Smile – Roddy Doyle
This was my first Roddy Doyle and I liked it so much I finished it in two days. Now, this might not sound like much of an accomplishment for a 200-page book, but I have two young kids (ages 1 and 3) who wake up at 5 a.m. and go to bed at 8 p.m. So the fact that I get anything done is an accomplishment to me. I listened to the audiobook which is narrated by Doyle himself, whose wonderful Dublin accent really added to my enjoyment of this story that is both darkly comic and deeply disturbing.
The Woman in Black – Susan Hill
I’m a sucker for a good ghost story, especially one as deliciously British as this one. An old village full of secrets and resentments, a ruined mansion cut off from the world by treacherous tides, fog and rain and the wind howling across the marshes. Wonderful stuff.
Caesar’s Last Breath – Sam Kean
Who knew a history of air could be this good, even for someone who failed high school chemistry? Starting with the formation of our atmosphere, Kean takes the reader on a wide-ranging, fascinating, often very funny tour of how gases have shaped human civilization and may shape our future on Earth and among the stars. It’s a gas (har-har)!
Full Dark, No Stars – Stephen King
“1922,” the first of the four novellas collected here, is one of the best things King has written. It’s smooth, macabre, and suspenseful, and contains a nice nod to one of my favorite books of his, Dolores Claiborne. “A Good Marriage,” the last of these novellas (recently made into “A Bad Movie”) is another winner. What surprised me about this one was the pacing: what I suspected to be the big reveal was actually dealt with pretty quickly, and then the story took two more steps past that.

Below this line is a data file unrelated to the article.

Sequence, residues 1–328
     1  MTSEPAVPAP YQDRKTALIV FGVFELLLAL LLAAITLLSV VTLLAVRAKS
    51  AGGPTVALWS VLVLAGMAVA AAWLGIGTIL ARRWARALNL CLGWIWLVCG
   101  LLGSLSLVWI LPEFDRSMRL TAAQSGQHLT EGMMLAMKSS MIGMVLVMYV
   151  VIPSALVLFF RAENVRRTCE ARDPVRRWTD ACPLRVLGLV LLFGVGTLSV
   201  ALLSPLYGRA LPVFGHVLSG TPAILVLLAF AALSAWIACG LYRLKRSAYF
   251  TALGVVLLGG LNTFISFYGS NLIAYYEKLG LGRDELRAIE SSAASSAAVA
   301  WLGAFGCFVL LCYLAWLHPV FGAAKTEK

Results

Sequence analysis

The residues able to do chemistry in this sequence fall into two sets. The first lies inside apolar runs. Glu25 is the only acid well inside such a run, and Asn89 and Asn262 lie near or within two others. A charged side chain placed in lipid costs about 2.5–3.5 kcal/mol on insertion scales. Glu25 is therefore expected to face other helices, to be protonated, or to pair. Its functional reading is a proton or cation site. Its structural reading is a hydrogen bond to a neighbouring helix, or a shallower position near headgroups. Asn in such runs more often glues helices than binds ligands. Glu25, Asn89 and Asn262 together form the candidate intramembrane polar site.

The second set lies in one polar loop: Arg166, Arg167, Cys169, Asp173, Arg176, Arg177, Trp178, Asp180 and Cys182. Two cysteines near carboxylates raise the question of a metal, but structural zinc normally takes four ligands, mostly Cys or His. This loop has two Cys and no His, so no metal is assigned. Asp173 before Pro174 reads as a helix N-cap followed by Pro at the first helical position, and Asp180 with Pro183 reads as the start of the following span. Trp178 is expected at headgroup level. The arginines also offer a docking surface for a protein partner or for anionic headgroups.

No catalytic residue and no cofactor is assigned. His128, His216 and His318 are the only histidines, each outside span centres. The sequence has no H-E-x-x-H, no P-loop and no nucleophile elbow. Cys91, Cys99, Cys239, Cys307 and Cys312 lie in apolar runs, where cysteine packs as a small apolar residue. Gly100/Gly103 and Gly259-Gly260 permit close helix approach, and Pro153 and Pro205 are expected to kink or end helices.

Unfortunately, the other two novellas, “Big Driver” and “Fair Extension,” are the kind of vapid drivel that King can probably write (and maybe actually does write) in his sleep. Like The Colorado Kid or Gwendy’s Button Box, these novellas are little more than ideas that fail to develop into full-blown concepts. A woman takes revenge on the truck driver who raped her. A man dying of cancer makes a deal with the devil. There you have it. Nothing else happens that you can’t already imagine from those two descriptions.
So for me this was an uneven collection, that opens and closes on a high note.
M Train – Patti Smith
Patti Smith existed on the periphery of my consciousness for years. She sang backup on one of my favorite R.E.M. songs (“E-Bow the Letter”), she did some things with Bob Dylan, and recently she had a cameo in Terrence Malick’s new movie Song to Song. I also knew her last book, Just Kids, had won the National Book Award. But as always, no amount of praise or positive exposure motivated me to pick up one of her books until one day, for reasons entirely mysterious to me, it became absolutely vital that I read M Train. And I’m glad I did. The book is gorgeously written: poetic, dreamy, melancholy. Smith makes you care about the art she cares about (Jean Genet, cop shows) by showing how art can both comfort and inspire. Both are sorely needed, because this is also a very sad book about lost things: lost loved ones, lost books, lost cameras, lost places. And it’s a book about coffee: searching for the best cup of coffee in the world, while often settling for a cheap cup of coffee in a hotel room. In short, this book spoke my language, it spoke to my soul, and I loved it wholeheartedly.